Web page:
Diversification for ubiquity
Whilst new and improved ways of moving money might come at a cost for the providers, there is an obvious advantage for them in volumes of transactions doubling or tripling in the next three to five years. Enabling technologies such as 5G may accelerate mobile payments, whilst interconnected devices, biometrics, and cloud will drive customers to take advantage of the proliferation of choice around when, where, and how they pay.
The other benefit is the possibility of extending payments platforms to do more than mere payment processing or PoS, playing a role in every aspect of a customer’s life, from booking holidays to chatting with friends, paying bills, making investment decisions, and moving funds. There is an aspect of convergence here, which we have already seen with providers such as WeChat in China. This is an opportunity for traditional retailers and banks alike.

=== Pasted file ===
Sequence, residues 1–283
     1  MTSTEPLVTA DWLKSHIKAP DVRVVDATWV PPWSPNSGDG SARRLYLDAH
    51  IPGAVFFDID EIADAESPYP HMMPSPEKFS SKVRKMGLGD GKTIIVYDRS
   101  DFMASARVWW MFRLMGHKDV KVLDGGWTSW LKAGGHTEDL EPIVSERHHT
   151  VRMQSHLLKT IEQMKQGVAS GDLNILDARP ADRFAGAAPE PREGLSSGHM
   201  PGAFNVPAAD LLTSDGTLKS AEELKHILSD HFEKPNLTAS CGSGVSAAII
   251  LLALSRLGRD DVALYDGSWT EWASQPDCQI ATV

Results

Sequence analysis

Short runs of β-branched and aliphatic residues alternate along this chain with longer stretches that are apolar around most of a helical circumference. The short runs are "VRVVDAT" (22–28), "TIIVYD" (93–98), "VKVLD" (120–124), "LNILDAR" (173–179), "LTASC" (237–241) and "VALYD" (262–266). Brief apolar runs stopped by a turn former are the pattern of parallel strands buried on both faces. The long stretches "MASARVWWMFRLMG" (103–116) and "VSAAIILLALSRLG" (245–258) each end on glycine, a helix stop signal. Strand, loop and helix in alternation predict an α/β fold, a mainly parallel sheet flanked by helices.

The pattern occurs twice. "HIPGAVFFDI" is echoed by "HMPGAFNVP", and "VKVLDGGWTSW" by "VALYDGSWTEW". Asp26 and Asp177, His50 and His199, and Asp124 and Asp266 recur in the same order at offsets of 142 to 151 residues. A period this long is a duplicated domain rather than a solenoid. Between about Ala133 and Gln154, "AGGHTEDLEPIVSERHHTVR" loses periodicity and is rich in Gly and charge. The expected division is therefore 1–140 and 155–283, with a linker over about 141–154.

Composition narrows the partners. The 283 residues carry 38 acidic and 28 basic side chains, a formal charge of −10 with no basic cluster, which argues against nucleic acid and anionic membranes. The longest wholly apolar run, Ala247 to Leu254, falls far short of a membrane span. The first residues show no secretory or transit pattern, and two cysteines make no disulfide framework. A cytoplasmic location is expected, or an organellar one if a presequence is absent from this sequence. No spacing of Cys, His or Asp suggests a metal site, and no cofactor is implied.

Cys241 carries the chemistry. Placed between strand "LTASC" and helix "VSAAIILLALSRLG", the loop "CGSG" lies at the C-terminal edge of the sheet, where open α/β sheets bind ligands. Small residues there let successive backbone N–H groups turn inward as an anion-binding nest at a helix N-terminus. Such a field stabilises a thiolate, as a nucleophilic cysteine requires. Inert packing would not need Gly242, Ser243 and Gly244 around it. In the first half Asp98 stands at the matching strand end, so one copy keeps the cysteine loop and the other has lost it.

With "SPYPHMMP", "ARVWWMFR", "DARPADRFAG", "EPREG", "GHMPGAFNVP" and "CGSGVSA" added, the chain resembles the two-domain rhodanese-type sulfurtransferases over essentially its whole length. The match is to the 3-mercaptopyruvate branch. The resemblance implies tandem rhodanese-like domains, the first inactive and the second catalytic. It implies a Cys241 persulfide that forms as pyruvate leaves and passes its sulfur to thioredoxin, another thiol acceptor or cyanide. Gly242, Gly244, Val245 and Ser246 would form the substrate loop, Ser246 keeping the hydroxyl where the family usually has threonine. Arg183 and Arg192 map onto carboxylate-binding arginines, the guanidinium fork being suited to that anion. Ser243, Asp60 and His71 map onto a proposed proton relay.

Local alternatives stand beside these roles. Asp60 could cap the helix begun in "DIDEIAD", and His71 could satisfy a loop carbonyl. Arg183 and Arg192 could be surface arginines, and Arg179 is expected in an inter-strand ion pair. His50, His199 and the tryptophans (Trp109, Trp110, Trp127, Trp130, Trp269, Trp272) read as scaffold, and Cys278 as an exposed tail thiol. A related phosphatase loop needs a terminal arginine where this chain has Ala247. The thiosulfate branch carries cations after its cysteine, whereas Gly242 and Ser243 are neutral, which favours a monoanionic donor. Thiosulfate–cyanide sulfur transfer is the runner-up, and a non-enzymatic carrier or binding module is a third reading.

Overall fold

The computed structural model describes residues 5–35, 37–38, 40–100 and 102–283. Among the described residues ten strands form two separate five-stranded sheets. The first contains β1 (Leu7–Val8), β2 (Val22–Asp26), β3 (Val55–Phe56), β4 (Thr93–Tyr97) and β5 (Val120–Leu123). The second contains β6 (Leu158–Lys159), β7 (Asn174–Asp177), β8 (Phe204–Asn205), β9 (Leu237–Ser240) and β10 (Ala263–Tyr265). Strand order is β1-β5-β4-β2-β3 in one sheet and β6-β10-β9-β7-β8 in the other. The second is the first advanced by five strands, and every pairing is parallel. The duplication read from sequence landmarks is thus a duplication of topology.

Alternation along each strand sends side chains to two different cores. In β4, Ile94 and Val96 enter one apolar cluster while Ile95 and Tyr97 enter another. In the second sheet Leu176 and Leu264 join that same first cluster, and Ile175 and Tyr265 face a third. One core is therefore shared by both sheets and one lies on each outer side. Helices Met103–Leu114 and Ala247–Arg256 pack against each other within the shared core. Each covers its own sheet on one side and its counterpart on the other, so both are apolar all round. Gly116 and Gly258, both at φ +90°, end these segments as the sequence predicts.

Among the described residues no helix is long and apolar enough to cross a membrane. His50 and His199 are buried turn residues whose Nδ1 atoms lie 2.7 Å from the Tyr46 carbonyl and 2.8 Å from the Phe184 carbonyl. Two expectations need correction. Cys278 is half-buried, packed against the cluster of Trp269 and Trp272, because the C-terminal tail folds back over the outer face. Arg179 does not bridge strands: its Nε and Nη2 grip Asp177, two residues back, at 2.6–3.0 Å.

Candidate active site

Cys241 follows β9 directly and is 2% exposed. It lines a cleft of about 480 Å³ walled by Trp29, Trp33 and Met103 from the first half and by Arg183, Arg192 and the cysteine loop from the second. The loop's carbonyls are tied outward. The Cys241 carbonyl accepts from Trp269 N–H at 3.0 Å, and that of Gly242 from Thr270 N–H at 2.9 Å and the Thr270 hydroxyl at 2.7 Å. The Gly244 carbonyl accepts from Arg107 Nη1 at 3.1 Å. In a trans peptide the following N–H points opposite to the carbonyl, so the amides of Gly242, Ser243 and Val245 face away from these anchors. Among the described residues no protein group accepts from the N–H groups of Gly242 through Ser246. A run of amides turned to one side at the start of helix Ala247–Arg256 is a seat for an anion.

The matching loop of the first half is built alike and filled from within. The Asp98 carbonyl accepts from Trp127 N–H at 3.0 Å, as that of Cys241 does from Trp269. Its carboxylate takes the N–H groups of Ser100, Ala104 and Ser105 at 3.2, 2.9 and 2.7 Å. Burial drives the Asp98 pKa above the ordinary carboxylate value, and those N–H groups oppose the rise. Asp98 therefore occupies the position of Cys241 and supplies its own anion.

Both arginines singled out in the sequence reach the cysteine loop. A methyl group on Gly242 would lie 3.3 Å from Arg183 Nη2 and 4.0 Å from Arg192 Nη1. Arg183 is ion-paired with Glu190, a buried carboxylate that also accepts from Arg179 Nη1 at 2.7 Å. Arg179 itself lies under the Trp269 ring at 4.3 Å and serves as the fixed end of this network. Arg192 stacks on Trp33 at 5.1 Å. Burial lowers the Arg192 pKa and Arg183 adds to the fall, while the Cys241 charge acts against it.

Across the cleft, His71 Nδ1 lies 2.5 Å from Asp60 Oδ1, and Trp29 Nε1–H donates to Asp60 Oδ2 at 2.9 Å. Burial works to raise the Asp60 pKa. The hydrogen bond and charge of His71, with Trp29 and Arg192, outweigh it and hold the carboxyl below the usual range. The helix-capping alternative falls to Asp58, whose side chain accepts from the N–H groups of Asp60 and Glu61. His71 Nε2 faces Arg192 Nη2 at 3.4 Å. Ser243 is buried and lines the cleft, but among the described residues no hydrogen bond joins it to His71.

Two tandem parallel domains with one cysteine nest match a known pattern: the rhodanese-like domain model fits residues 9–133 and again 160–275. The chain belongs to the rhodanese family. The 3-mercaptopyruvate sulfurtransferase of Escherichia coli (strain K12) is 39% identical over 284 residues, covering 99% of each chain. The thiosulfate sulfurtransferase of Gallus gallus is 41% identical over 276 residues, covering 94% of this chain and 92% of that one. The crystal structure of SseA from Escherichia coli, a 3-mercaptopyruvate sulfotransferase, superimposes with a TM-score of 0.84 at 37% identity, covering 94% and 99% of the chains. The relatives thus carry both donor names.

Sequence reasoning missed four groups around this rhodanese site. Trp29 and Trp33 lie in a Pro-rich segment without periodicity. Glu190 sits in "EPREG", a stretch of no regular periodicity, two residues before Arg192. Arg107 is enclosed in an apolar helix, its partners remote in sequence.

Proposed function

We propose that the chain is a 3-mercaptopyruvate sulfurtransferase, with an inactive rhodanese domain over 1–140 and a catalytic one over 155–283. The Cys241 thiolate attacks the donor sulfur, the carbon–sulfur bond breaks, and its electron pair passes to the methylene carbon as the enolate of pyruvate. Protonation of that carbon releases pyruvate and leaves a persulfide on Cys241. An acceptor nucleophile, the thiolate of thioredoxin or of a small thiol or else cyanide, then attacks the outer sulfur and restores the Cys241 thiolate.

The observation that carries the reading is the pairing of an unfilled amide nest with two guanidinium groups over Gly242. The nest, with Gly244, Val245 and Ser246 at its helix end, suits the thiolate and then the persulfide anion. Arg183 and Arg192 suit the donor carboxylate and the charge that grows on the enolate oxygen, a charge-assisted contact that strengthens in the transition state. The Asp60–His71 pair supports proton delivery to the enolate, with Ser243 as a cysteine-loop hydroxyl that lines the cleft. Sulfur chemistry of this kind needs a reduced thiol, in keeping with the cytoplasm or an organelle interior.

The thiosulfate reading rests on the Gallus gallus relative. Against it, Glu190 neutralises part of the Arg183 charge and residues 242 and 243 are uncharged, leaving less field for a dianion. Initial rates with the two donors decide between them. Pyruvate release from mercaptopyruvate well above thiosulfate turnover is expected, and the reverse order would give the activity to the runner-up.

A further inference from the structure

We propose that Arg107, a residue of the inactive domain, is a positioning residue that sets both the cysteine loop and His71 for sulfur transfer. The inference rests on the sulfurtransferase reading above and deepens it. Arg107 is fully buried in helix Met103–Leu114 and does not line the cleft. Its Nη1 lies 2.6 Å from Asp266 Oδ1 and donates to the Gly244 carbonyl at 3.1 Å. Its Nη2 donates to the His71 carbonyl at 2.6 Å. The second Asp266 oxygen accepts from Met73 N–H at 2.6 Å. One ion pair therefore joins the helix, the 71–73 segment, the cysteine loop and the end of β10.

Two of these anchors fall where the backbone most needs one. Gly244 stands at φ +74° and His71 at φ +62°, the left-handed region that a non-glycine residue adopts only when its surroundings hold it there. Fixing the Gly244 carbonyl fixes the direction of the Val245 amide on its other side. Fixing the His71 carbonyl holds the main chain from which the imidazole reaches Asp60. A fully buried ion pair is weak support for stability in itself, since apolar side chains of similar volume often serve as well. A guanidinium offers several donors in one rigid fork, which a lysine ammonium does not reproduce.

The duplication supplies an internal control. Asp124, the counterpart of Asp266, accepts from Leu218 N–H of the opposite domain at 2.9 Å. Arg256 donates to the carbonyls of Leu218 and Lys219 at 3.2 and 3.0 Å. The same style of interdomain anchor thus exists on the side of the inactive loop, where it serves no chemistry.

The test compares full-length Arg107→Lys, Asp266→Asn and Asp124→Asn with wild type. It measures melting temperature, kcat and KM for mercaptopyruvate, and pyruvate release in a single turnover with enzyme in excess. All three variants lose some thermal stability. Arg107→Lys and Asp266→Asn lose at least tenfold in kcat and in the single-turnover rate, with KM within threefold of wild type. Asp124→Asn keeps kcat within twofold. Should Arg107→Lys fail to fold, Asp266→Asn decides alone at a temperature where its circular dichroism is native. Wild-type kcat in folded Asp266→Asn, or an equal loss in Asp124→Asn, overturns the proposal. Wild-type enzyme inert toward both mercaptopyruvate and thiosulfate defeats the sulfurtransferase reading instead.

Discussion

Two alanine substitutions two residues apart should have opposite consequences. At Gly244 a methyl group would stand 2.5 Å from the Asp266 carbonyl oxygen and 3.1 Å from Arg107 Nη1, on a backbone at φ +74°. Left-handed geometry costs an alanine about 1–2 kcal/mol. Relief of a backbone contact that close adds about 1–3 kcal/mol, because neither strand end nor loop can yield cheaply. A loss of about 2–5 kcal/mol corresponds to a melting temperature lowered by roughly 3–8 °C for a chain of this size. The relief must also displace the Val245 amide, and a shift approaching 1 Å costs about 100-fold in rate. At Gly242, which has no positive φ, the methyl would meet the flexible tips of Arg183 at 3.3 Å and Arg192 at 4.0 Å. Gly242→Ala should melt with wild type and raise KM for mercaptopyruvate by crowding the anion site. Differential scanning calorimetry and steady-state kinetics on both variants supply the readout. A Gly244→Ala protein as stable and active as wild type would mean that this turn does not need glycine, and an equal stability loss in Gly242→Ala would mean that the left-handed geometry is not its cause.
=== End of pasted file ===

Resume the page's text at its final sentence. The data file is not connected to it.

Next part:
Personalisation is king
While trust was once hailed as the Holy Grail in banking, customers are increasingly seeking better experiences, with higher expectations of speed, convenience, and personalisation, delivered by technologies such as artificial intelligence (AI) and machine learning (ML). Conversational-first AI allows providers to serve customers more effectively, and autonomous processes enable better experience differentiation. For example, American Express’ Mezi personal travel assistant app uses AI to help cardholders pay for holidays and business trips based on their preferences. Similarly, Bank of America’s virtual AI assistant Erica is helping clients with effective money management.